This is where I feel Bimodal IT resides and in part it explains its gain in popularity. It appeals to organizational leaders who do not really understand or believe in the benefits of an agile approach, but are under pressure to keep up with the times, offer agile projects to their teams, appear responsive to their business community. By publicly adopting Bimodal IT, they can push the small, trivial projects through an agile methodology - appeasing critics while clinging to their more comfortable traditional, sequential model. Since most organizations have significantly more small projects than large ones it may even appear that half or more of the projects being undertaken are Mode 2, agile projects when this represents only a small proportion of the project work being undertaken.
People seem to like simple rules, even if they represent a suboptimal solution. The Atkins diet was very popular because a rule like “No Carbs” is simple and people liked that. Ask a nutritionist though and they will do two things, first they will explain that while it has some truth to it, the real makeup of good nutrition is more complex and varies depending on a large number of factors. The second thing they will do is to start explaining the large number of factors and either confuse you, send you to sleep, or make you wish you never asked them in the first place.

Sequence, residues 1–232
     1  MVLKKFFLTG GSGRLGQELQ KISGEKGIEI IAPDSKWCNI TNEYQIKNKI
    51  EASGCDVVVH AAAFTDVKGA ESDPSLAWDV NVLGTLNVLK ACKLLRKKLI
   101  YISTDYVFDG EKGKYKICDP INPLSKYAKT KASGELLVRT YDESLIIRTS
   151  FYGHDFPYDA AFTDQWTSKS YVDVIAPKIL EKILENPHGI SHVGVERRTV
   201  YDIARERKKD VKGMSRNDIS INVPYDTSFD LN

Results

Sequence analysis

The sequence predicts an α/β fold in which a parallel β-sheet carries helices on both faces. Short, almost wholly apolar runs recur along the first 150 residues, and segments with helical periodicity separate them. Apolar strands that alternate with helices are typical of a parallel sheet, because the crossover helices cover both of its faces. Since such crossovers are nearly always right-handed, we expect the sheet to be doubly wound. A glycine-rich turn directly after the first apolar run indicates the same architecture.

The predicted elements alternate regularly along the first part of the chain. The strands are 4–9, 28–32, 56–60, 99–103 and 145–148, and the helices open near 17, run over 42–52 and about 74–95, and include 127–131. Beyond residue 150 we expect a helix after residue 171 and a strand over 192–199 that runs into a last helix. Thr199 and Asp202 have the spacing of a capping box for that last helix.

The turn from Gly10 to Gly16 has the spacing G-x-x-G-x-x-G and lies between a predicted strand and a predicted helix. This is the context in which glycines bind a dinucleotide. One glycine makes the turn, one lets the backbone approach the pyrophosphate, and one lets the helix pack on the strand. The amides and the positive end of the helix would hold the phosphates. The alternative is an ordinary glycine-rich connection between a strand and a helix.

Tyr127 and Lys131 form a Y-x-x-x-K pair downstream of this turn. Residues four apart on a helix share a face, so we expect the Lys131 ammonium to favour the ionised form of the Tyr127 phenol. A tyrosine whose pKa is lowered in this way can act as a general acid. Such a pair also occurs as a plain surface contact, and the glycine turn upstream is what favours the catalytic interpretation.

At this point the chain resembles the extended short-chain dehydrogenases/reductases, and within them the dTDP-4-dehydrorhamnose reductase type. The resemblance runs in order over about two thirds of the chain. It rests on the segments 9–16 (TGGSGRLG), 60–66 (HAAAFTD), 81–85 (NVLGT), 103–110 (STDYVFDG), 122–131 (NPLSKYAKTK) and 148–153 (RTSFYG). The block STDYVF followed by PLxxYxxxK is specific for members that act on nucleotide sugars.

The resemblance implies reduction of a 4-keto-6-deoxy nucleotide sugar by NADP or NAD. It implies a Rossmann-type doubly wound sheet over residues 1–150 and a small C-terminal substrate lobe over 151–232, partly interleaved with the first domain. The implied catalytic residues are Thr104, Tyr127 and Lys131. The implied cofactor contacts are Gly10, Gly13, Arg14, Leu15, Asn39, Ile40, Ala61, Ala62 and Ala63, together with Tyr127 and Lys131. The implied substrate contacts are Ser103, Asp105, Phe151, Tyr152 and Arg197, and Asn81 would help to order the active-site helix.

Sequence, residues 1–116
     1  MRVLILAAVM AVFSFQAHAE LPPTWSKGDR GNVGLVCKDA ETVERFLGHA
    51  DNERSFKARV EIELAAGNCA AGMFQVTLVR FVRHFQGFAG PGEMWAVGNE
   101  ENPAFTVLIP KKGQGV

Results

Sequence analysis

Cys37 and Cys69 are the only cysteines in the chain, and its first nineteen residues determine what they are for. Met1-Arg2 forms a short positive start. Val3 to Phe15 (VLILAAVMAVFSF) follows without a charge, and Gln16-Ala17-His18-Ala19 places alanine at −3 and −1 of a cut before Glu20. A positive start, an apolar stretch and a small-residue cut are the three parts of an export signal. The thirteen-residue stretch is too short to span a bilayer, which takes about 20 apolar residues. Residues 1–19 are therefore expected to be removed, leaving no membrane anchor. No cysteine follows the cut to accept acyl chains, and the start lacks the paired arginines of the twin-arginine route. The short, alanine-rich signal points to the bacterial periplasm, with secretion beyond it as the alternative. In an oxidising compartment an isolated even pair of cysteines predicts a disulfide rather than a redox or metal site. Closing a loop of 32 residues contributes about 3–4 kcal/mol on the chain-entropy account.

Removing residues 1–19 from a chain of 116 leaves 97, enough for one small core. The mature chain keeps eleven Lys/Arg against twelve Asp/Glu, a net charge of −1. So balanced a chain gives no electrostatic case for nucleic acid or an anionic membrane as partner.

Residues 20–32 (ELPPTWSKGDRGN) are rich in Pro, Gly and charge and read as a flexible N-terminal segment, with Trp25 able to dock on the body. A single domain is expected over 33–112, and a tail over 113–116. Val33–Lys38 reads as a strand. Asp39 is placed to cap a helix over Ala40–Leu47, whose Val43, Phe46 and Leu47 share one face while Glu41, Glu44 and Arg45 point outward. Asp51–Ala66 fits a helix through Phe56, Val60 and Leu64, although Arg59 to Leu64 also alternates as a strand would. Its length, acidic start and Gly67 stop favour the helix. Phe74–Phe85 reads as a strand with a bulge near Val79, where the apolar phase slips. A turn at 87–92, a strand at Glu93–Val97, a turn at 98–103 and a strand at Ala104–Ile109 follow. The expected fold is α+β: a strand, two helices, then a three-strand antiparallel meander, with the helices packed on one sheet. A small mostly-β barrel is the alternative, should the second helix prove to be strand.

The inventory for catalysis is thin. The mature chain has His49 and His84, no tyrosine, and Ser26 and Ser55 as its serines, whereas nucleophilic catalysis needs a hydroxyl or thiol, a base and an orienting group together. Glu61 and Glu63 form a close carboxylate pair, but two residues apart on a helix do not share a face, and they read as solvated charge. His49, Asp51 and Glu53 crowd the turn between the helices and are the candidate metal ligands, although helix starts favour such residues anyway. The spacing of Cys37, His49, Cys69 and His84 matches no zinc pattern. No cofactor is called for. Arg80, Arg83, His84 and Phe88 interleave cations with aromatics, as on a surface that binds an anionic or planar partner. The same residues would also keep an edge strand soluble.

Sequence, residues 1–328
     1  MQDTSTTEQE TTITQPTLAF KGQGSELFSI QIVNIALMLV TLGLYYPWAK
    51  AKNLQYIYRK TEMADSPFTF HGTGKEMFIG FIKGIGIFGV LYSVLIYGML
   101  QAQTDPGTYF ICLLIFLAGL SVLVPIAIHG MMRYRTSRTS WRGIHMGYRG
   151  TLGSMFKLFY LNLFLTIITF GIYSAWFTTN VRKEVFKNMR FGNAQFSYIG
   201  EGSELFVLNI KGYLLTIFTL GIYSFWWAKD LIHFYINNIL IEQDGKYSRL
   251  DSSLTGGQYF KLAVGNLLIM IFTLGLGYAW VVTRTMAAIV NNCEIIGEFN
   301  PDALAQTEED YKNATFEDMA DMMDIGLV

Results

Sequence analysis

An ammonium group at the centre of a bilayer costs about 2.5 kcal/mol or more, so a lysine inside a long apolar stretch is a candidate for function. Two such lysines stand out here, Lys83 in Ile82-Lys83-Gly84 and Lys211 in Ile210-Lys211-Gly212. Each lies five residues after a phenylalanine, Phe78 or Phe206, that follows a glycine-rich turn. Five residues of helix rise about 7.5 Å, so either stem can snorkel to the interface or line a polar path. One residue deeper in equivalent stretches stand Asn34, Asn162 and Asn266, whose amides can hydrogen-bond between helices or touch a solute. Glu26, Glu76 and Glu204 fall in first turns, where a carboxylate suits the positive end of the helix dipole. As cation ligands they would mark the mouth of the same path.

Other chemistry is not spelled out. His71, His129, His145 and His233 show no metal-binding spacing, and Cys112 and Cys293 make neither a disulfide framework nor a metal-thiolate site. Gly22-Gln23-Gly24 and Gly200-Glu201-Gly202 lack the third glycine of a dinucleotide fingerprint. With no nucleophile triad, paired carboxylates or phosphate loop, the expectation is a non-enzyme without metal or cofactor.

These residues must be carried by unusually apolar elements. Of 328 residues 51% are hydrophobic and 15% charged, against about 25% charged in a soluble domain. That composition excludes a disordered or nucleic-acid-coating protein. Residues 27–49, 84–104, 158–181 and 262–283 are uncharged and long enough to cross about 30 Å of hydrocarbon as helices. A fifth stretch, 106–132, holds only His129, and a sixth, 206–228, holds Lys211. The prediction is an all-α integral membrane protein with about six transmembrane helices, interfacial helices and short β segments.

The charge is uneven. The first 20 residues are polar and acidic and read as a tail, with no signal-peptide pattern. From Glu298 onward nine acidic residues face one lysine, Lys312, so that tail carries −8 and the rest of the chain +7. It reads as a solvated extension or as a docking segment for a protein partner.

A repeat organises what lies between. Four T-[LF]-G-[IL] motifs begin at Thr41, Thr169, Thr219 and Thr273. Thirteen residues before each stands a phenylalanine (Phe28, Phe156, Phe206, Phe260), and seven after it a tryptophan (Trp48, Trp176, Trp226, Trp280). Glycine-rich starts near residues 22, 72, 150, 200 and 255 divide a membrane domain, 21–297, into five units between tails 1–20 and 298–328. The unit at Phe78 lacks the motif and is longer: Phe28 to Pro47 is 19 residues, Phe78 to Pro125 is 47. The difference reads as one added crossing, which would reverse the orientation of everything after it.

The same is kind of true for the best approach for developing software. Simple rules like Mode 1 traditional and Mode 2 agile-ish are appealing since they are easy to follow. However, like any restrictive diet, they are at best an over simplification and at worst are potentially harmful.
As an example Gartner states their Mode 1 approach that is traditional and sequential emphasizes safety and accuracy, but I would feel much safer and confident in a system where the highest priority features were developed first and have been reviewed and tested in every iteration since, than an approach that had lots of careful planning and then testing performed towards the end of the project. Iterations drive use and uncover missed requirements and defects. You can plan in detail and analyze requirements with reviews and tools – I spent 10 years of my software career working on very formal military projects – but, I believe the best way to discover if software works is by working the software.
For me there is just too much wrong with Bimodal IT to recommend its use. It polarizes project selection when we should be looking more at hybrid models for large projects. It promotes more of a bargaining adoption of iterative methods and empowered teams than a serious acceptance of where these approaches can help all project types. Finally, it propagates dangerous sequential process models for large and complex projects that really need iterations more than small, simple projects.
If it has a redeeming feature it is that it could lead to the introduction of some iterative based projects, that then open the door to more agile projects, in organizations that had up until then resisted agile methods. I think Gartner should not end with the Bimodal framework, but use it as a foot-in-the-door primer for the Next Steps of continued evolution. So, while it currently has some use as a gateway or stepping stone to deeper thinking about project approaches, it should not be considered a destination for IS policy as it stands today.